“I have never thought of myself as a female trombonist,” said Megumi Kanda, principal trombone and one of two female brass players in the Milwaukee Symphony Orchestra. “I’m a trombonist the same as anybody else.”
The classical music industry has endured a gender issue for centuries, with male performers, conductors and composers dominating the industry compared to their female counterparts — a trend that is slowly starting to turn tides.
The Women’s Philharmonic Advocacy, an organization promoting female representation in classical music, has completed studies covering the top 21 orchestras with the highest operating budgets in the United States over the past couple of years. The studies focused on what works orchestras are playing with specific emphasis on the composer’s gender.
Over the past four performance seasons, there has been a steady increase in female composers represented by these orchestras, with the most recent 2020-21 performance season having 99 works written by female composers out of a total of 855 works, totaling approximately 11.5 percent of all total works performed.
This is a significant increase from previous years which was at 8.6 percent in 2019-20, 4.9 percent in 2018-19 and 3.1 percent in 2017-18. While there has been an increase in the number of pieces performed by female composers in the past several years, over 88 percent of the pieces performed by major orchestras were written by men. The studies did not mention non-binary composers.
Female musicians have become more and more prevalent in United States orchestras — especially here in Chicago. The Chicago Symphony Orchestra (CSO) was founded in 1891, but it was not until 1941 when Helen Kotas was appointed principal horn that a woman held a full-time position in the orchestra.
According to Eileen Chambers, the Communications and Public Relations director at the CSO, women now make up 40 percent of the orchestra, pointing towards the balance between male and female musicians improving.
The CSO became the first major orchestra to perform a piece written by a Black female composer on June 15, 1933, when they performed Florence Price’s Symphony no. 1 in E minor.
Brass instruments have fewer women in them; however, the 2020-21 Civic Orchestra of Chicago horn section was entirely female, but there are no female musicians in any other in any other Civic brass sections. Similarly, DePaul currently has no female brass players as part of their applied lessons faculty.
Kate Warren, horn player and lecturer of “Female Brass Players Don’t Exist,” and Kanda both believe that this imbalance will change in the coming years, considering the low turnover rate in orchestral jobs. Due to the industry’s competitive nature, some musicians stay in their job for decades versus the traditional three to five years.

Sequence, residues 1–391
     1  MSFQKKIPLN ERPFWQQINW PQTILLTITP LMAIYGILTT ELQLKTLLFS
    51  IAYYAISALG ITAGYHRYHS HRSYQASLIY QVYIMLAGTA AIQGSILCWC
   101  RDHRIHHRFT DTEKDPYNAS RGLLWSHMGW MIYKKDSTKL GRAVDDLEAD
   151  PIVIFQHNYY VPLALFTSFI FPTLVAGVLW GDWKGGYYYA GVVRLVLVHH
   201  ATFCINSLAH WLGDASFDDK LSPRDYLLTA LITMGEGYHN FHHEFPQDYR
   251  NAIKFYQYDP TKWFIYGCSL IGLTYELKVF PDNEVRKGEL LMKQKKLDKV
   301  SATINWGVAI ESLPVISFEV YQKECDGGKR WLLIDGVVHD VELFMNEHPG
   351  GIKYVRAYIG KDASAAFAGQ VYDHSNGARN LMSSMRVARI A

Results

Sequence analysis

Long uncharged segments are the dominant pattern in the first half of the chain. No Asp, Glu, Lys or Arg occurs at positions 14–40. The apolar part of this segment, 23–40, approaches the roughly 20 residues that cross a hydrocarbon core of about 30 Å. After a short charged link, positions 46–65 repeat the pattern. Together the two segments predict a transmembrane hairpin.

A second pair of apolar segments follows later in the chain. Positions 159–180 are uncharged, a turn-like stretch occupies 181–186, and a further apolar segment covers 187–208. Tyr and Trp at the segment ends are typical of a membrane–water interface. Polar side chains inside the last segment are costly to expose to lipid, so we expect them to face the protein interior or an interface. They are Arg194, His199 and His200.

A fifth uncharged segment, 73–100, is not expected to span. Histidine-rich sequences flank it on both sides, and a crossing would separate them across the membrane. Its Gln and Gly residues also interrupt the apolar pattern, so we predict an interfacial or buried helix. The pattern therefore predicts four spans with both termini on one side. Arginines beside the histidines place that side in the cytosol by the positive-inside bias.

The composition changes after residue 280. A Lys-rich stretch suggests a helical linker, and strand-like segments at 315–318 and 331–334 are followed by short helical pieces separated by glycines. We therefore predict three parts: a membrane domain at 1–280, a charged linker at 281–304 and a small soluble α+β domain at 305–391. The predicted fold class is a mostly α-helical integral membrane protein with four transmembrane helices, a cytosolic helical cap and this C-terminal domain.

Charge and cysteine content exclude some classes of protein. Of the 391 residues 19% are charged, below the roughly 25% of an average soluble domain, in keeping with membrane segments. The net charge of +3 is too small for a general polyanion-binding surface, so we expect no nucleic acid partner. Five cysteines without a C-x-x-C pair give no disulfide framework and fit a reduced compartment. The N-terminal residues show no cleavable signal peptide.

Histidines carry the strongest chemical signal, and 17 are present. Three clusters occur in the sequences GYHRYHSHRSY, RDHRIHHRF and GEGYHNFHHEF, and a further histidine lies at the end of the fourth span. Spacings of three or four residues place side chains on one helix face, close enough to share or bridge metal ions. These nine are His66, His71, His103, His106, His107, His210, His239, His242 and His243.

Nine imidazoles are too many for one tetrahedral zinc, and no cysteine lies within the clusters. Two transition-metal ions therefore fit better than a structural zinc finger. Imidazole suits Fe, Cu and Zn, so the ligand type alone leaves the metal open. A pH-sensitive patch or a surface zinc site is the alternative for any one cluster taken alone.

“Orchestras are still populated by people, [predominantly] men, who won their jobs around that time period [late 20th century] and we won’t see a large turnover in the gender distributions of orchestras until that generation of players die out,” Warren said. “Not to be morbid, but in music, people tend to hold their chairs to much older ages than the average 9-5 worker would retire at.”
There hasn’t always been educators like Kanda and Warren taking initiatives to teach young female musicians.
One of the first composers to ever take on female composition students was Franz Liszt back in the mid-1800s, which is fairly late considering that Johann Sebastian Bach died back in 1750. However, this was not met without it’s controversy. As shown in the image, Liszt has students of both genders; however, this photo was edited to remove his female students.
Warren and Kanda said that education is the solution to the classical music industry’s imbalance between male and female musicians.
“As with most things, perhaps the best way to effect change is through education,” Kanda said. “This means having equal opportunity at a young age for all genders and races to choose any instrument they want to play, without preconceptions.”
Kanda agreed with this sentiment, adding that music educators have a responsibility to teach beyond the constraints of gender roles.
“More specifically educating educators about how to break gender roles in the music classroom,” Warren said. “We can always look at it as a cycle but in my eyes training the next generation is step one in creating a more diverse workplace for musicians of the future.”
To listen to works by female composers, visit the CSO’s website for their playlist of works composed by women.